MR arthrography proves superior to standard MR in labral tears

2006 01 23 15 57 53 706

Orthopedic surgeons are growing more confident in their ability to address labral tears with arthroscopic surgery, but imaging guidance is required beforehand to improve diagnostic accuracy. MR arthrography would be the best bet for assessing these hip abnormalities, according to researchers from Duke University in Durham, NC.

Dr. Glen Toomayan and colleagues recognized that, historically, MRI has been suboptimal for visualizing the acetabular labrum given the latter's small size and variable morphologic appearance. But this shortcoming of MR can be remedied with the right imaging tools, namely a small field-of-view (FOV) and contrast media.

"A good signal-to-noise ratio and excellent spatial resolution are needed for adequate visualization of this small structure," they wrote in the American Journal of Roentgenology. "Labral tears are frequently missed with (MRI) because of a normal, diffusely low-signal-intensity appearance" (AJR, February 2006, Vol. 186:2, pp. 449-453).

The majority of Toomayan's group, including Dr. Nancy Major, is from Duke's radiology department. Co-author Dr. T. Parker Vail is from the division of orthopaedic surgery.

For this retrospective study, 48 patients (51 hips) underwent either conventional MRI (21 hips) or MR arthrography (30 hips) on a 1.5-tesla scanner (Signa, GE Healthcare, Chalfont St. Giles, U.K.). Unenhanced conventional imaging was broken down by a small FOV (14-20 cm) or a large FOV (30-38 cm); all arthrography was performed with a small FOV (14-20 cm).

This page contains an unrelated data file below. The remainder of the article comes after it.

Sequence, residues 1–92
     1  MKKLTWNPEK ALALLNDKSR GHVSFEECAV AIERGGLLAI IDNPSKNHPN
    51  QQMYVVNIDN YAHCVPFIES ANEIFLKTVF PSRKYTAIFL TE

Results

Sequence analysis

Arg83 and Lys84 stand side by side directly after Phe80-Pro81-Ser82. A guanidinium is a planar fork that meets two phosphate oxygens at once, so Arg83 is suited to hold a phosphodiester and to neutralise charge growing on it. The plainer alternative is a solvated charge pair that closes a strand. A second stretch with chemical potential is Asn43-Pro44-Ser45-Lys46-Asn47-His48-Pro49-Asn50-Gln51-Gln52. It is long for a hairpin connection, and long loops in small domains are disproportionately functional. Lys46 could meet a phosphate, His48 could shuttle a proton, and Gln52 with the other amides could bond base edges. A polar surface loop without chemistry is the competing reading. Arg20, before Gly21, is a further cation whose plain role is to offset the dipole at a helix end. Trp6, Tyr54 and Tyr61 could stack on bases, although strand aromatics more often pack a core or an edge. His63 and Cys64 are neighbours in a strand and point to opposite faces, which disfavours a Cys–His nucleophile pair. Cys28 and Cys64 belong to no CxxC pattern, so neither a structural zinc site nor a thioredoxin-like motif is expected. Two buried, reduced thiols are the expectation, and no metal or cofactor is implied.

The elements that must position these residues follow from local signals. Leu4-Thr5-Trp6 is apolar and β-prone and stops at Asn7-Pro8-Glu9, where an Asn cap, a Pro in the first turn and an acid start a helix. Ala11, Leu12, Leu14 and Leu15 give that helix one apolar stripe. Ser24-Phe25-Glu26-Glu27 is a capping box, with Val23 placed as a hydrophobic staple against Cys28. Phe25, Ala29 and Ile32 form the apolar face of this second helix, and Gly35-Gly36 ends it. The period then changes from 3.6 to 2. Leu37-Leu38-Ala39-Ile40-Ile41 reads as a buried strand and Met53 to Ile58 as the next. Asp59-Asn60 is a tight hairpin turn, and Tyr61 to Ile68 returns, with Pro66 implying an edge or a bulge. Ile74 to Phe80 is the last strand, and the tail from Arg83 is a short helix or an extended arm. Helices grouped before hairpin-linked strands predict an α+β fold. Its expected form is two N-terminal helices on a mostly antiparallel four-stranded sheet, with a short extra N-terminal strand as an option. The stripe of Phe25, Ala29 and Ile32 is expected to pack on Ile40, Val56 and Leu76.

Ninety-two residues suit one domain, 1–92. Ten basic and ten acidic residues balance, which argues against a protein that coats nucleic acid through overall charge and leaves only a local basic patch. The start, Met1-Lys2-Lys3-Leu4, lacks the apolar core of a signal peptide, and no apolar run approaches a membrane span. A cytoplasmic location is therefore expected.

MR arthrography scanning parameters included spin-echo T1-weighted imaging with fat suppression. The conventional MRI protocol included spin-echo T1-weighted and fast spin-echo T2-weighted imaging.

2006 01 23 15 56 06 706
Axial fat-suppressed fast spin-echo T2-weighted image without intra-articular contrast material (TR/effective TE, 4,000/75; field-of-view, 20 cm) in a 38-year-old woman with hip pain and "locking." Anterior labrum appears diffusely low in signal intensity (arrow) and was therefore interpreted as normal. However, at arthroscopy, patient was found to have anterior labral tear. Toomayan GA, Russell Holman WR, Major NM, Kozlowicz SM, Vail TP, "Sensitivity of MR Arthrography in the Evaluation of Acetabular Labral Tears" (AJR 2006; 186:449-453).

According to the results, acetabular labral tears were found in 40 of 51 hips at arthroscopy. MR arthrography with a small FOV, and intra-articular contrast, found 24 acetabular labral tears in 30 hips for a sensitivity of 92%. Unenhanced conventional MRI with a large FOV revealed 12 tears in 21 hips for a lackluster sensitivity of 8%. Conventional, no-contrast MRI with a small FOV turned in a sensitivity of 25%.

MR arthrography with a small FOV "allows excellent assessment of the acetabular capsular-labral complex," the group concluded. In addition, "contrast material in the joint can make the distinction more apparent because the contrast material and cartilage are of different signal intensities."

The authors acknowledged that they dealt with a very small patient population, and that additional studies with a larger cohort are needed. However, they reiterated that if the results of future research continue in this positive direction, "an orthopedic surgeon can confidently rely on using MRI to determine which patients will benefit from arthroscopic intervention."

By Shalmali Pal staff writer
January 24, 2006

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MR clarifies paralabral cysts as common source of hip pain, September 6, 2004]

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